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Today's word on journalism

Monday, November 5, 2007

On Objectivity:

"I still insist that 'objective journalism' is a contradiction in terms. But I want to draw a very hard line between the inevitable reality of 'subjective journalism' and the idea that any honestly subjective journalist might feel free to estimate a crowd at a rally for some candidates the journalist happens to like personally at 2,000 instead of 612 -- or to imply that a candidate the journalist views with gross contempt, personally, is a less effective campaigner than he actually is."

-- Hunter S. Thompson, from Fear & Loathing: CORRECTIONS, RETRACTIONS, APOLOGIES, COP-OUTS, ETC., a 1972 memo to Rolling Stone editor Jann S. Wenner, excerpted in the current (November 2007) issue of Harper’s Magazine (Thanks to alert WORDster Andy Merton)

Utah Public Radio will switch to digital signal in January

By Rick King

October 15, 2007 | Radio is an interesting, unique medium. Technological advancements, such as television, and made-to-order internet news and information, have forced radio to adapt, time and time again to escape the seemingly inescapable fate of becoming obsolete.

With the revolutionary invention and success of satellite radio not too far under its belt, radio is once again preparing for a facelift and NPR affiliate, Utah Public Radio (UPR) has already begun the process of upgrading their signal from analog to HD-Digital. With the new digital signal, UPR has a lot of exciting new plans and additions that are sure to not only please current public radio listeners, but also attract many who have yet to catch the public radio bug.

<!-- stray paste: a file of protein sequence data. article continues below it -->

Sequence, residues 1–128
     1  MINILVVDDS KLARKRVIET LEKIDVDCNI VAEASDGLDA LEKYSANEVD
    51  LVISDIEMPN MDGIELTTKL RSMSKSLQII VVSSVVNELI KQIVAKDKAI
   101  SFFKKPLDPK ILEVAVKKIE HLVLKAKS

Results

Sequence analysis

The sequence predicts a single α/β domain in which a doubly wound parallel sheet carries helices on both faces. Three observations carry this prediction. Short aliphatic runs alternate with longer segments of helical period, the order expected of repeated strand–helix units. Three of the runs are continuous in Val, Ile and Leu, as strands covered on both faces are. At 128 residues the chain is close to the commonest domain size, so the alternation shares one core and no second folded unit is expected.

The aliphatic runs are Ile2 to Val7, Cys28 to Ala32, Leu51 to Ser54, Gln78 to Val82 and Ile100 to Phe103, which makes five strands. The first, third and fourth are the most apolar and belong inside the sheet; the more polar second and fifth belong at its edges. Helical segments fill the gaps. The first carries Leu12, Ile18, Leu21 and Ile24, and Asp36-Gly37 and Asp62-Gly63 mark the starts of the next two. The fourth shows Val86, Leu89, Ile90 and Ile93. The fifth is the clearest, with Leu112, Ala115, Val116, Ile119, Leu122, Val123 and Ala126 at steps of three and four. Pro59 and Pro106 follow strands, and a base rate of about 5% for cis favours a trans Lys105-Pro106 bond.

Friend Weller, Utah Public Radio engineer, will tell you before he even begins explaining anything technical that UPR is going HD (or digital) and not "High Def." High Definition is a term that refers to television or video, and radio going HD isn't exactly the audio equivalent to its television counterpart, but is called HD simply to help consumers make a connection with audio going digital just as television has.

UPR is making the shift ahead of most NPR affiliates across the country, and will most likely be the first station in Logan, and possibly Utah to successfully do so. Weller says the entire industry is moving in that direction and that UPR wants to be able to keep up with technology.

The new general manager of UPR, Cathy Ives, has brought a lot of new ideas to the table and has been out collecting grants in order to help fund the upgrades. Unlike commercial stations, public radio is supported by listeners' donations and by government grants through the Corporation of Public Broadcasting.

Ives said in a e-mail interview, "We are taking advantage of available funds from the CPB and the desire of the students to have a student radio station using student funding for the grant match." Ives' desire to attract younger listeners has been a major motivating factor in the pursuit for going HD. Along with the digital stream, UPR will have three separate channels to broadcast on.